SUMMARY OF ARGUMENT Amicus curiae submits that the Second Circuit’s conclusion that § 3 of DOMA should be evaluated under a heightened standard of judicial review is deeply flawed. First, § 3, on its face, does not discriminate between heterosexuals and homosexuals, but between opposite-sex married couples and same-sex married couples. Although § 3 admittedly has a greater impact on homosexuals than heterosexuals, that impact, under this Court’s precedents, is not constitutionally relevant unless it can be traced back to an intent or purpose on behalf of Congress to discriminate against homosexuals, as opposed to the mere knowledge that § 3 would have a disparate impact on them. Neither the plaintiff nor the Government, however, has presented any relevant evidence of discriminatory intent or purpose on the part of the Congress that enacted DOMA (as opposed to individual members thereof) or President Clinton, who signed the bill into law. Second, even assuming that § 3 may be said to classify on the basis of sexual orientation, such classification is subject to traditional rational basis review. Homosexuals do not satisfy the criteria this Court has considered in determining whether a class should be subject to strict scrutiny (as in the case of race, national origin or alienage) or intermediate scrutiny (as in the case of gender and illegitimacy). When evaluated under the appropriate standard of review (rational basis), the constitutionality of § 3 of DOMA is readily apparent. Section 3 is reasonably related to multiple, legitimate governmental interests, including promoting 9

responsible procreation and ensuring that the children so procreated will experience, whenever possible, the benefits of being raised in a household with both a mother and father to whom the children are biologically related. Accordingly, the judgment of the court of appeals striking down § 3 of DOMA should be reversed.

10

ARGUMENT SECTION § 3 OF DOMA DOES NOT VIOLATE THE EQUAL PROTECTION COMPONENT OF THE FIFTH AMENDMENT. Plaintiff argued below (and the court of appeals agreed) that § 3 of DOMA should be reviewed under a heightened standard of judicial review because it discriminates on the basis of sexual orientation. Both the premise and conclusion of plaintiff’s argument are erroneous. Section 3 of DOMA, On Its Face, Does Not Discriminate On The Basis Of Sexual Orientation. Plaintiff’s argument assumes that § 3 of DOMA discriminates against same-sex married couples on the basis of their sexual orientation. That assumption is mistaken. Section 3, on its face, does not define “marriage” for purposes of federal law in terms of the sexual orientation of the parties to a marriage, but whether the parties are of the opposite sex. See Smelt v. County of Orange, 374 F. Supp.2d 861, 874 (C.D. Cal. 2005) (DOMA “does not mention sexual orientation or make heterosexuality a requirement for obtaining federal marriage benefits”), aff’d in part, vacated in part and remanded with directions to dismiss for lack of standing, 447 F.3d 673 (9th Cir. 2006). “Parties to ‘a union between a man and a woman’ may or may not be homosexuals. Parties to a same-sex marriage could theoretically be either homosexuals or heterosexuals.” Baehr v. Lewin, 852 P.2d 44, 51 n. 11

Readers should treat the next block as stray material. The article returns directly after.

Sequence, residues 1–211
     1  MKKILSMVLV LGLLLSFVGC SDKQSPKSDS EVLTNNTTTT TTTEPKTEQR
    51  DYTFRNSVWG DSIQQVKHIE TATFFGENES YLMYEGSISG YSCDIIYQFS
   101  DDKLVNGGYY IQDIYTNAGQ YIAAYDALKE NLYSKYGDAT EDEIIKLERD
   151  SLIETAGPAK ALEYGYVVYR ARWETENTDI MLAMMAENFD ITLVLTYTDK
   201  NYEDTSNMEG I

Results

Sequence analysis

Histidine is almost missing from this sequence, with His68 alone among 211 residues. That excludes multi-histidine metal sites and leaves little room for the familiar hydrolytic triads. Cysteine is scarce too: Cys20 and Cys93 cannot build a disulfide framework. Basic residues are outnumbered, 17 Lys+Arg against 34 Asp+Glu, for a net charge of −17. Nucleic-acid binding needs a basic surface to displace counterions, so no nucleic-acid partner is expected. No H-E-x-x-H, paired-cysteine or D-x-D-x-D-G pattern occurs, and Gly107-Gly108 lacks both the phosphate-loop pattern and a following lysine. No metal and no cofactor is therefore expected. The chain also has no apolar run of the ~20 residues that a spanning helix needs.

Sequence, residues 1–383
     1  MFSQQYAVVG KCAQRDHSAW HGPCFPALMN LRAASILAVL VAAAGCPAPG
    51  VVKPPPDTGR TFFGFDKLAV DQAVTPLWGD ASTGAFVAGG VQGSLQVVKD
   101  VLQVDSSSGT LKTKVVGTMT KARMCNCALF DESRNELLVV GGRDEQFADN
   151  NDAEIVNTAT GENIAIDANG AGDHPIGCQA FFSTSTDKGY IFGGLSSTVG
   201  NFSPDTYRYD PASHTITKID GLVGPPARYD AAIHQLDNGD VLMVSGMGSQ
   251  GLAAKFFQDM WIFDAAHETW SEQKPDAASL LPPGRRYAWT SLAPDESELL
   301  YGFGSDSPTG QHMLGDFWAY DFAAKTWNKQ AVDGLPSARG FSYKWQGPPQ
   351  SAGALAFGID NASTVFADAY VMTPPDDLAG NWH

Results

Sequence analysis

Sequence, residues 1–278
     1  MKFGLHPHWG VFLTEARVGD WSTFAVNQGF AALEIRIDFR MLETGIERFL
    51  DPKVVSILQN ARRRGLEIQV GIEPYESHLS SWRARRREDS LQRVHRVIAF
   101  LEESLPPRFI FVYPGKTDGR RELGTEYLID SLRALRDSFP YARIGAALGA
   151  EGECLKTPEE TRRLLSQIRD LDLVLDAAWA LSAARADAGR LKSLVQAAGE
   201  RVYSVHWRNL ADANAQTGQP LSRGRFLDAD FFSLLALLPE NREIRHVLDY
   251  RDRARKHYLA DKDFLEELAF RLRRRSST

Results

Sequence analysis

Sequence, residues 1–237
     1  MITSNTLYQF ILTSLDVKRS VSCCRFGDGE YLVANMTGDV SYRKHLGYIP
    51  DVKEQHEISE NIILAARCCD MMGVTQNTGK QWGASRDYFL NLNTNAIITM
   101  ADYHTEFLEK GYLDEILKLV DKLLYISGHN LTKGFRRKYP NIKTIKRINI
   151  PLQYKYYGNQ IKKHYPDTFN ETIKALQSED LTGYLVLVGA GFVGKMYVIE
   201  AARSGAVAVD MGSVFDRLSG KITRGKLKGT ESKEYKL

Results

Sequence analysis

11 (Haw. 1993) (plurality).5 See also Dean v. District of Columbia, 653 A.2d 307, 363 n. 1 (D.C. App. 1995) (following Baehr) (“just as not all opposite-sex marriages are between heterosexuals, not all samesex marriages would necessarily be between homosexuals”); Goodridge v. Dep’t of Health, 798 N.E.2d 941, 953 n. 11 (Mass. 2003) (same).6 In his concurring opinion in Andersen v. King County, 138 P.3d 963 (Wash. 2006), Justice J.M. Johnson noted that the state DOMA “does not distinguish between persons of heterosexual orientation and homosexual orientation,” id. at 997 (J.M. Johnson, J., concurring in judgment only), and identified a recent case in which a man and a woman, both identified as “gay,” entered into a valid opposite-sex marriage. Id. at 991 n. 1, 996 (citing In re Parentage of L.B., 89 P.3d 271, 273 (Wash. Ct. App. 2004), aff’d in part, rev’d in part on other

Accordingly, “‘[h]omosexual’ and ‘same-sex’ marriages are not synonymous; by the same token, a ‘heterosexual’ samesex marriage is not, in theory, oxymoronic”). Id. Judges in other cases have made the same observation. See, e.g., Baker v. State, 744 A.2d 864, 890 (Vt. 1999) (Dooley, J., concurring) (“[t]he marriage statutes do not facially discriminate on the basis of sexual orientation); id. at 905 (Johnson, J., concurring in part and dissenting in part) (noting that “sexual orientation does not appear as a qualification for marriage under the marriage statutes” and the State “makes no inquiry into the sexual practices or identities of a couple seeking a license”); Hernandez v. Robles, 855 N.E.2d 1, 20 (N.Y. 2006) (Graffeo, J., concurring) (same).